Teaching & Learning


5 simple tricks for creating successful online learning

Eileen Kennedy, Senior Research Associate at UCL Knowledge Lab, shares what research on MOOCs tells us about how to make online learning a social and collaborative experience for students.

Two adults with a laptop open in a meeting. Credit: Headway / Unsplash.com

10 August 2020

Eileen Kennedy is a Senior Research Associate based at UCL Knowledge Lab. She researches ways of scaling up digital and online learning with two ESRC funded Research Centres: the Centre for Global Higher Education and the RELIEF Centre. Here she shares lessons from her research on how create online experiences that work for teaching staff and learners.

Since we launched IOE’s first Massive Open Online Course (MOOC), What Future for Education?, five years ago, we have been learning a lot about how to scale up online learning. I have been interviewing learners and conducting Design Based Research into ways we can make online learning a social and collaborative experience for the thousands of participants that enrol on our courses.

Now that UCL and other universities are embarking on a mission to scale online teaching for students who would otherwise miss out because of COVID-19, what can research on MOOCs tell us about how to make it work for both teachers and students?

Here are 5 easy tricks I have learnt to make it work for everyone:

1. Ditch the Zoom room*

(*well, use it sparingly at least!)

You don’t need to abandon video conferencing completely – but use its power wisely and infrequently.

Live video conferencing can be stressful for educators and inconvenient for learners. One of the strengths of online learning is that it is flexible – course design can help learners access learning when it suits them. Learners can be taken on a journey through a series of ‘steps’ that combine short pre-recorded videos, exercises, discussions, quizzes and opportunities for peer review.

Instead of trying to transfer your presence as a teacher to Zoom, express it in the way you write the narrative to help your students move through the learning path you have designed.

2. Make it social

Getting students to discuss ideas is essential if they are going to make the learning their own. For a meaningful discussion, however, you have to provide a clear discussion prompt. Spell out what you want them to do (e.g. share an example from your experience and reply to other posts where you can see further connections with the theory).

Every learner I have interviewed has said they appreciate the educators’ presence in the discussion. But in a large course, there are so many comments that it is impossible to reply to each one. So instead, we often summarise the discussion at the end of the week – and if you use your webcam to video yourself – maybe in conversation with another tutor – discussing the best comments, you don’t even need to write it down. Your students will love it!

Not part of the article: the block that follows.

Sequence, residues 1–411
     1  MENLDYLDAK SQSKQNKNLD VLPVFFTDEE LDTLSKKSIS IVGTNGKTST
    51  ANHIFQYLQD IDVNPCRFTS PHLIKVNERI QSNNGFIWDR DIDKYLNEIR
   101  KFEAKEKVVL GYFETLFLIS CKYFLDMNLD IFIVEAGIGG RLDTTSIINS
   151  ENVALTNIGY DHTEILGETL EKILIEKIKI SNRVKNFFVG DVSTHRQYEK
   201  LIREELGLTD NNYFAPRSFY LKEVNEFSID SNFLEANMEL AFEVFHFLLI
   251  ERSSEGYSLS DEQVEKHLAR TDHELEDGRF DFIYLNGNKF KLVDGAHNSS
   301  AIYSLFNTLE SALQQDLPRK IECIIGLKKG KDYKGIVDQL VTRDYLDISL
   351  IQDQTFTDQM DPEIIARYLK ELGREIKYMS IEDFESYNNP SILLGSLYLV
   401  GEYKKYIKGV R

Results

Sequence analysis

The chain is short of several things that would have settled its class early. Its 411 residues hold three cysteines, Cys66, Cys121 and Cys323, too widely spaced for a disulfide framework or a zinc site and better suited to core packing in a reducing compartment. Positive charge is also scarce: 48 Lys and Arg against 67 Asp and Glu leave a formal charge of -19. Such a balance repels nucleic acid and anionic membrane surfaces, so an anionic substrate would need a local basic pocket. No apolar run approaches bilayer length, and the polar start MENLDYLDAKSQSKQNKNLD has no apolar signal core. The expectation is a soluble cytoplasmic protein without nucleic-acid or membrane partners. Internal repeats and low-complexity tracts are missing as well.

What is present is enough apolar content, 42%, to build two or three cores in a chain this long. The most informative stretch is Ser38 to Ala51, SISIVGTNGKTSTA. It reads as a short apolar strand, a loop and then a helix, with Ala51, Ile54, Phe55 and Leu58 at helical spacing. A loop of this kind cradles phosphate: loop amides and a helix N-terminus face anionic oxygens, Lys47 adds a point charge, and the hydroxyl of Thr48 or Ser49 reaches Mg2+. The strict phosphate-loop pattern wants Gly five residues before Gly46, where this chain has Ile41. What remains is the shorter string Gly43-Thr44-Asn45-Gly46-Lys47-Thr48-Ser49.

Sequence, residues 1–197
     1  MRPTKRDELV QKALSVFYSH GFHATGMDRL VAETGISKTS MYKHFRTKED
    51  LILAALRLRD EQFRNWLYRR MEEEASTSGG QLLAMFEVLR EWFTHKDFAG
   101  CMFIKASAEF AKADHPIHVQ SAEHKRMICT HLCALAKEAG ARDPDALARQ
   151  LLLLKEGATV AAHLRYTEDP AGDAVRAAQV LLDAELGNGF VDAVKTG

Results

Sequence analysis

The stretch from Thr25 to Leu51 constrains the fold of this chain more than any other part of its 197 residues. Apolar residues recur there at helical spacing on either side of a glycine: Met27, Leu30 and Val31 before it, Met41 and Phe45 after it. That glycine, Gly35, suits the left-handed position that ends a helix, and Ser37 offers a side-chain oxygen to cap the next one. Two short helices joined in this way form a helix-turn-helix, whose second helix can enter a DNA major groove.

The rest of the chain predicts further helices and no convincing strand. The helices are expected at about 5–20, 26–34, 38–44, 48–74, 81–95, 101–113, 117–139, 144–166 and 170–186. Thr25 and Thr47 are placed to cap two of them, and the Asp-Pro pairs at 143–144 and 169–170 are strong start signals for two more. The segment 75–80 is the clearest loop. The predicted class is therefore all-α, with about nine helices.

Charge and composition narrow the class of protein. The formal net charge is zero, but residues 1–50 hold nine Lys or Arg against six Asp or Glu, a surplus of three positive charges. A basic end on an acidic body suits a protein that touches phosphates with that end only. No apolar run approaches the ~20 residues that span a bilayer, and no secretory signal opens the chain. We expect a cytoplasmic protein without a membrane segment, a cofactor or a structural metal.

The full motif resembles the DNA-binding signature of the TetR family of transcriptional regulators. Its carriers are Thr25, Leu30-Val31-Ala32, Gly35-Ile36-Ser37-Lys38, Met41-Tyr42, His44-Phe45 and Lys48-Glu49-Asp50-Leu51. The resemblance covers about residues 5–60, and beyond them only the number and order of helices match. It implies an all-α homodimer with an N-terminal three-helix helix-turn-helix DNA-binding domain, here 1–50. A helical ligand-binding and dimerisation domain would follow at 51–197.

3. Remove the fear barrier

Posting a comment online can be scary for some learners, so ease them into it with low-risk activities like word clouds and polls, so they get to see what others are thinking first.

If you have used tools like Mentimeter in your blended classroom, you will find you can transfer those directly online by sharing (or embedding) links on Moodle for students to add answers and see the results.

The online pinboard Padlet is a nice addition to an online course to help learners feel they are not alone. Use it for activities where learners share a link to a website, video or image – embedded in Moodle it will a visual treat.

For educators, it can give us a chance to see if learners have been able to apply an idea by sharing something they have made.

4. Make video count

Video is a powerful tool – but you don’t have to do everything live. Videos can help where you might want to show how to read a text critically, or use a piece of software.

You can record your screen using Lecturecast Universal Capture which then allows you to upload content directly into your Moodle course, or MediaCentral, or record your voice over PowerPoint slides and export it as a video.

Don’t try to edit too much – it adds precious time and being too slick can alienate the students. Then you can make the most of live video conferencing (using Blackboard Collaborate or Zoom) – for example, for short interactive sessions using tools like polls and breakout rooms where you can give space for students to discuss or present what they have learnt – and that’s great because it takes the pressure off you as an educator. Watch students expressing how much they prefer this approach.

5. Embrace learning design

You may have heard about UCL’s ABC learning design workshop featuring the six learning types that are necessary for successful online learning. You may not know that UCL also has an online tool, the Learning Designer that we created to help educators design teaching sessions using the learning types.

You can watch a video of how to use the tool to design the online part of a lesson and then see how to create this design in Moodle. You don’t have to start from scratch either – you can adapt existing lesson designs, like the one featured in the video.

You can even share the learning design with your learners so they understand what you have planned. Watch out for our learning designer workshop as part of the Connected Learning Essentials course to help UCL staff move their teaching online and online ABC workshops.

Further information

For help with putting this into practice, check out the Connected Learning Essentials programme, attend a Connected Learning Live staff development session, or contact Arena Centre or Digital Education staff for personalised support.